Corporate America's Carbon Offsetter Wants U.S. Out of Cancun
The 13th annual global warming alarmism fiesta is well underway in Cancun, but Eric Carlson, president of carbon offset organization Carbonfund (whose corporate partners include Hyundai, Motorola, Volkswagen, Staples, JetBlue, Dell, Virgin America, Avis and Amtrak), wants the United States to just go away:
Carbonfund.org, the leading U.S. nonprofit climate change solutions organization, is calling for the U.S. to stay out of the way of international climate negotiations which began November 29 in Cancun, Mexico. The organization is encouraging participating countries to extend the Kyoto Protocol-set to expire in 2012-or agree on a new emissions reduction treaty without the United States.
"The U.S. has been the 800-pound gorilla in the room at climate negotiations," (Carlson) said.... "As the largest global emitter per capita with enormous entourages at the meetings, all attention goes toward the U.S. Put simply, the problem is that there are not 67 votes in the U.S. Senate to ratify any climate deal the President might negotiate. It's like Lucy pulling the football away from Charlie Brown. The world needs to wise up and move the ball to a different field."
While the conventional wisdom is that not much can happen in Cancun and beyond without the U.S., Carbonfund.org is urging parties to the treaty to move forward. "There are enough potential carbon buyers in the European Union, Japan, Australia and Canada and enough potential carbon sellers in China, India, Indonesia and Brazil to create a robust carbon reduction pact," said Carlson. Nearly a hundred other smaller countries could also sign onto a global pact.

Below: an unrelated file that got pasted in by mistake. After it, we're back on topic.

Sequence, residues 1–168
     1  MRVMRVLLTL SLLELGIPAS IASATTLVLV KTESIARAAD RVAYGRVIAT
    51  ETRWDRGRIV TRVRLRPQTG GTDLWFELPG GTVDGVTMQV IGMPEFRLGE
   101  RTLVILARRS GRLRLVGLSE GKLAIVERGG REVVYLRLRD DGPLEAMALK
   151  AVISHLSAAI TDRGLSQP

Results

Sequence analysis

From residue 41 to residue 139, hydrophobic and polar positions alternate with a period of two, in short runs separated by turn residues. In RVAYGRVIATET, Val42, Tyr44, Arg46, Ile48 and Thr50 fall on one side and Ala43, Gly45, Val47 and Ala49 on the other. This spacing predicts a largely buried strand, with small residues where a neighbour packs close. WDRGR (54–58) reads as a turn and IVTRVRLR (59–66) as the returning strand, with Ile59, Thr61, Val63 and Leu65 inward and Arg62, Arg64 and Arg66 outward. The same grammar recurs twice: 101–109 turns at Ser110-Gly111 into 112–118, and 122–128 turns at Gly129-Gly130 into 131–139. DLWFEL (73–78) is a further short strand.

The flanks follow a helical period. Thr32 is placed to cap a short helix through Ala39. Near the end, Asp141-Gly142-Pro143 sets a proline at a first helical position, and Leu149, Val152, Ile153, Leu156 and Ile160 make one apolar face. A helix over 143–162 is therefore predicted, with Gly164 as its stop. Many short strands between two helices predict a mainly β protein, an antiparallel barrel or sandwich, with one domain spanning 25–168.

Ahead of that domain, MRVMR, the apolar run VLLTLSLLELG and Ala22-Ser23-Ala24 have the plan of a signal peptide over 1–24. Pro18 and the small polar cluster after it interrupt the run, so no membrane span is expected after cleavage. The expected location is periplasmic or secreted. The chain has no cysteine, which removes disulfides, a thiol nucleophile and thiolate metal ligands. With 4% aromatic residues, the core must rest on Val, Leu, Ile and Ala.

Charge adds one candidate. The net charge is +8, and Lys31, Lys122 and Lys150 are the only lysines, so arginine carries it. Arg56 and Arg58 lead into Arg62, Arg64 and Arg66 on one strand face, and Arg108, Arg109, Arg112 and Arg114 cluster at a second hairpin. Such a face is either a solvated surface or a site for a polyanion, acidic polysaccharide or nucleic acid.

Carbonfund.org is calling on other countries to take action now, at a minimum by extending the term of the Kyoto Protocol, or by taking steps to build on the progress of Kyoto and the voluntary carbon markets.
No self-preservation motive there, eh? Meanwhile, Carlson encouraged a transition in strategy to focus on state-level energy rationing schemes:
The work of several U.S. states combating climate change is an example. The Regional Greenhouse Gas Initiative (RGGI) is a mandatory, market-based effort to reduce emissions from electricity production by 10 northeast states, including New York. California begins regulating carbon in 2012. Taken together, states with active climate programs would rank among the largest five economies of the world.
"The key to solving climate change is making the market transformation from carbon-intensive fossil fuels to zero-emissions clean energy."
Surprisingly it appears that the U.S. Climate Action Partnership, which is a collaboration of some of the largest environmental groups with several large corporations (including Alcoa, Chrysler, Dow Chemical, Duke Energy, Ford Motor Company, General Electric, General Motors, Johnson and Johnson, and PepsiCo), has no interest in what's happening in Cancun. In fact, it doesn't look like they have updated their Website since June. No urgings for immediate action. No warnings of impending doom if an agreement is delayed. And surprise, surprise...no concern about sea level rise at the Mexican coastal resort.
It's clear this isn't about global temperatures (was it ever?), but instead a command-and-control economy and those who can make lots of money from it. Cap-and-trade is dead, and it appears those who followed the Enron model to the trough have moved on.